As 2012 beckons, the dense fog of economic gloom shows no signs of lifting, so there's fat chance of a happy and prosperous New Year for most citizens of Great Britain. Though not for all. Those with winners' medals draped around their necks at the London Olympics will not only be enveloped by great happiness, but assured of considerable prosperity.
More than ever before, these Games will enrich victorious British competitors beyond their wildest imagination. Not from actual prize money, of course. But when they step up to that rostrum they will be standing on a gold mine of sponsorships and endorsements, TV adverts and shows, speaking engagements and newspaper columns.
Sir Chris Hoy, Victoria Pendleton, Jessica Ennis, Rebecca Adlington, Ben Ainslie, Mark Cavendish, Mo Farah, Tom Daley, Phillips Idowu, Keri-Anne Payne and Dai Greene are leading contenders for the gold standard. And to borrow a phrase from Del Boy, this time next year they could all be millionaires – if some aren't already.
Hoy's pedal power is believed already to have earned at least a couple of million after his three golds in Beijing which made him the biggest name in cycling. Before 2008 he was earning just £24,000 a year from Lottery grants and small sponsorships. Beijing brought him lucrative deals from Kellogg's, Harrods, Highland Spring, adidas and ScottishPower Renewables.
Swimmer Adlington, who said after Bejing that all she wanted was to buy a pair of Christian Louboutin shoes, could follow in the footsteps of Imelda Marcos should she strike double gold again.
Leading sponsorship agency Octagon, whose clients include the marathon runner Paula Radcliffe, estimate some British winners could pick up £2m before Rio 2016. Their vice-president Clifford Bloxham says: "Seven or eight Team GB athletes will be able to command big endorsements after 2012, earning sums on a par with top British stars like Andy Murray and Jenson Button."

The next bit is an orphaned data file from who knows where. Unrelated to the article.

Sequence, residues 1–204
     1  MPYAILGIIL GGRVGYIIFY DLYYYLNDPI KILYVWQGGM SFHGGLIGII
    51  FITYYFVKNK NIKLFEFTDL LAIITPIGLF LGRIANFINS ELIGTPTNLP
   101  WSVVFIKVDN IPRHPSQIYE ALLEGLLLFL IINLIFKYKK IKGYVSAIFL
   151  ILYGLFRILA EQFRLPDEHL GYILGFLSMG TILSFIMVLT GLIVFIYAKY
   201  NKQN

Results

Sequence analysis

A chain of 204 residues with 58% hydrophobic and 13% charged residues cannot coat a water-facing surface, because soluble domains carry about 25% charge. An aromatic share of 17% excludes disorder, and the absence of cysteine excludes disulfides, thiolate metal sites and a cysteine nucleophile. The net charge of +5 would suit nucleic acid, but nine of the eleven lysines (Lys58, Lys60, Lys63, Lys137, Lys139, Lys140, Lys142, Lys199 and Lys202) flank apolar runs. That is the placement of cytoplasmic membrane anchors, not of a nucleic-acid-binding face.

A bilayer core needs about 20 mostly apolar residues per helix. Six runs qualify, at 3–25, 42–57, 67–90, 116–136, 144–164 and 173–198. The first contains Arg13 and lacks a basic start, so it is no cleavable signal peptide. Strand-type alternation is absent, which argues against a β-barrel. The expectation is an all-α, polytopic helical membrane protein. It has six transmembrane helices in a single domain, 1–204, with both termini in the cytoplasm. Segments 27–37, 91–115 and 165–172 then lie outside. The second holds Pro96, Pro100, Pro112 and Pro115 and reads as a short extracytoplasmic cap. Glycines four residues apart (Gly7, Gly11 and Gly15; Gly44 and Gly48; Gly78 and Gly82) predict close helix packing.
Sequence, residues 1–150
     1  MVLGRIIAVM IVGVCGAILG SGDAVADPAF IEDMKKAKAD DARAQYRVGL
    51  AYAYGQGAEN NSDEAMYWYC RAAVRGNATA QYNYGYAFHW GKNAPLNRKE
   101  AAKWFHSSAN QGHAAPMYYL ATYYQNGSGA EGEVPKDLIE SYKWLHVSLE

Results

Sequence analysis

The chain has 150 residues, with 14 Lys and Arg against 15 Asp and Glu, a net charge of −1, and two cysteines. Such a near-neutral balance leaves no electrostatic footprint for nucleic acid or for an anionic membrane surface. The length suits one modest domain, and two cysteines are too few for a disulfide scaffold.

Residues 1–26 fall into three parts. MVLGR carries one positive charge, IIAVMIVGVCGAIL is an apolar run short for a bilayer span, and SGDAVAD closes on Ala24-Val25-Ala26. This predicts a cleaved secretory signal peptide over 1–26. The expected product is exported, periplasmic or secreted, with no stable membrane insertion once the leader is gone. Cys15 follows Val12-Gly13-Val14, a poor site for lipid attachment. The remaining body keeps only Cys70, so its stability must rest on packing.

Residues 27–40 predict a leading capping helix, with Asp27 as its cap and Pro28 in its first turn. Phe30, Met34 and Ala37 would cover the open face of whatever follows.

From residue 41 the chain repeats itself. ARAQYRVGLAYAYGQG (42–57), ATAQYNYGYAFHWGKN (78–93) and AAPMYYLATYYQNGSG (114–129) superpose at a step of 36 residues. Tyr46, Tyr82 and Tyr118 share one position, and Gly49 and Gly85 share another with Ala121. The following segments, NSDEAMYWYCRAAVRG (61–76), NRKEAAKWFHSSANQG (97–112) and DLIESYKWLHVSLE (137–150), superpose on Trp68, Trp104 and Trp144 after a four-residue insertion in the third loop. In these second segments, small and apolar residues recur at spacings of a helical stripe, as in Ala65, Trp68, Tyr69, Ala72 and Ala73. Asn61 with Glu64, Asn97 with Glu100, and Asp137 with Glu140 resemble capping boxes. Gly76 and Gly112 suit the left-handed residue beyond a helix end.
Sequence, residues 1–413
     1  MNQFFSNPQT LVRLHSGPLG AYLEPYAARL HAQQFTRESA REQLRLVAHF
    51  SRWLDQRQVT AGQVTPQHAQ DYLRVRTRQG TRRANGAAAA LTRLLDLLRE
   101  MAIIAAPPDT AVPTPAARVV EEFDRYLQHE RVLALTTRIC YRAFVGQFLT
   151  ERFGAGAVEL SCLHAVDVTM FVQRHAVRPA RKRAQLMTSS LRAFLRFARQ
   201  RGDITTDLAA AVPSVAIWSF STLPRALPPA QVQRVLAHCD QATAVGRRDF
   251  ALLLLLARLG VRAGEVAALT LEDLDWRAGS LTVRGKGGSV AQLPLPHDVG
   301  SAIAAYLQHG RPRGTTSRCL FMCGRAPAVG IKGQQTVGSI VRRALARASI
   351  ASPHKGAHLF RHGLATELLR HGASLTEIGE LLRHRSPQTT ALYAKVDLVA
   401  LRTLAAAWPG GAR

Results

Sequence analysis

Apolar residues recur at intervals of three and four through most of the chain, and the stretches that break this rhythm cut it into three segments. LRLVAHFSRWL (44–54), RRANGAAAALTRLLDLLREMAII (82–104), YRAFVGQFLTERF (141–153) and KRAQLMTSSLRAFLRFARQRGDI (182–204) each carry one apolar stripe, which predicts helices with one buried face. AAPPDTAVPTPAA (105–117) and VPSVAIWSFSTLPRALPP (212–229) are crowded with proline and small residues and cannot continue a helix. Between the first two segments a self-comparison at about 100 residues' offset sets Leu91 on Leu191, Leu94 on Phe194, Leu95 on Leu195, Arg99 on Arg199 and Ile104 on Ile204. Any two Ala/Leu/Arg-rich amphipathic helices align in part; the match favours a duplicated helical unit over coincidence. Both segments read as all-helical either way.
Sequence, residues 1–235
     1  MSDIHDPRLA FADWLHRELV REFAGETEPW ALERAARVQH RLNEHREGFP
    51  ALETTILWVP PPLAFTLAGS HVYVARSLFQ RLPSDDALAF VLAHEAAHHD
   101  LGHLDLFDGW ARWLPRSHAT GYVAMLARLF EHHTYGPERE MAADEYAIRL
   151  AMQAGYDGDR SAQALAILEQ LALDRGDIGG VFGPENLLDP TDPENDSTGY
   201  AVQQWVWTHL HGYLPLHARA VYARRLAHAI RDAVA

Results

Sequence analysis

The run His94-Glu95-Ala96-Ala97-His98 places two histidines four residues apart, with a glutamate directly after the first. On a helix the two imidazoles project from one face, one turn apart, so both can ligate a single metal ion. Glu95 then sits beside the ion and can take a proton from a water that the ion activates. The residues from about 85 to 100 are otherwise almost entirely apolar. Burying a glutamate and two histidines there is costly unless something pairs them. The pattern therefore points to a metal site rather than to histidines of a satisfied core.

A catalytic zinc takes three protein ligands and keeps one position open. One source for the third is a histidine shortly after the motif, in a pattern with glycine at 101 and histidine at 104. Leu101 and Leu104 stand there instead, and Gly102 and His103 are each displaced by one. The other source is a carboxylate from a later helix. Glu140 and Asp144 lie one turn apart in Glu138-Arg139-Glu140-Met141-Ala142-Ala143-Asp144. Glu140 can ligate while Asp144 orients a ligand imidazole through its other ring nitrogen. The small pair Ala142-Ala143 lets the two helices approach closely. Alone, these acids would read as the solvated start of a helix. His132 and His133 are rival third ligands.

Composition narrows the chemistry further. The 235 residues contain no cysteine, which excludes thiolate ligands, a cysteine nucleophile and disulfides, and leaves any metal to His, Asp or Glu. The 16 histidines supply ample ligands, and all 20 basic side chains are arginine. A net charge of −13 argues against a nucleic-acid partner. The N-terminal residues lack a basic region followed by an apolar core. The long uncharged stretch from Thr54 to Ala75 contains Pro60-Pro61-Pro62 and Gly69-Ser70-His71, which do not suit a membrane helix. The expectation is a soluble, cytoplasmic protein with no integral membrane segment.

No one is suggesting that medal-winners in team events or less popular sports will be millionaires overnight but many will still get nice little earners should they do well. Even practitioners of hockey, taekwondo, canoeing and handball now have managers, PR minders and agents.
But here's a prediction. There is one young man, as yet relatively unknown, who with a little luck – or a lucky punch – can be literally the biggest hit of 2012 and subsequently the highest earner. The aforementioned sums will be chicken feed to what 22-year-old Anthony Joshua will be worth – £5m is the estimate of one promoter – should he become the Olympic super-heavyweight boxing champion. It remains the richest prize in Olympic sport. Ask Audley Harrison: he made a million back in 2000 when he turned pro, without landing a blow. The seven-figure windfall, from licence payers' money courtesy of the BBC, was paid up front, together with another million from a sponsor. It turned out to be money for old rope and, as we know, it all ended in jeers.
Amir Khan also collected a cool couple of million in his initial three-year deal with Frank Warren – and that was only after winning silver at lightweight at Athens 2004. And James DeGale got an instant investment of around £1.5m from the same promoter after his acquisition of the middleweight title at Beijing 2008.
In boxing it is always the big boys who make the big money and, in the Olympic ring, they don't come any bigger than 6ft 6in Joshua, the London-born son of Nigerian parents who has the profile, personality and punch, together with a newly-acquired world amateur silver medal from Baku, where he lost on a hotly-disputed decision to the local Azerbaijani, having beaten the reigning Olympic champion Roberto Cammarelle.
Joshua says: "I'm made for the Olympic final. I'm not overwhelmed by the prospect. This is what I am supposed to do. I've not won it yet but I'm heading in the right direction."
His confidence is shared by Rob McCracken, Team GB's boxing chief. "We always knew Anthony was something special but his rate of progress this year, for someone still inexperienced, has been absolutely fantastic. He has every chance of being a star in his hometown Olympics."
Joshua has more heart than Harrison and a better chin than David Haye. When he won the ABA title two years ago he spurned an offer of £50,000 to turn pro, and there was 10 times that incentive on offer after his world silver. But he knows winning gold will make him worth a king's ransom. Or even a Don King's ransom.
Of course the boxing ring is strewn with shattered dreams of wannabes, and that Olympic title is by no means a foregone conclusion, even less the world heavyweight title which understandably is his aspiration.
But of all the potential 2012 achievers hoping to milk London's Olympic cash cow, Joshua seems the one most likely to be worth his weight in gold.
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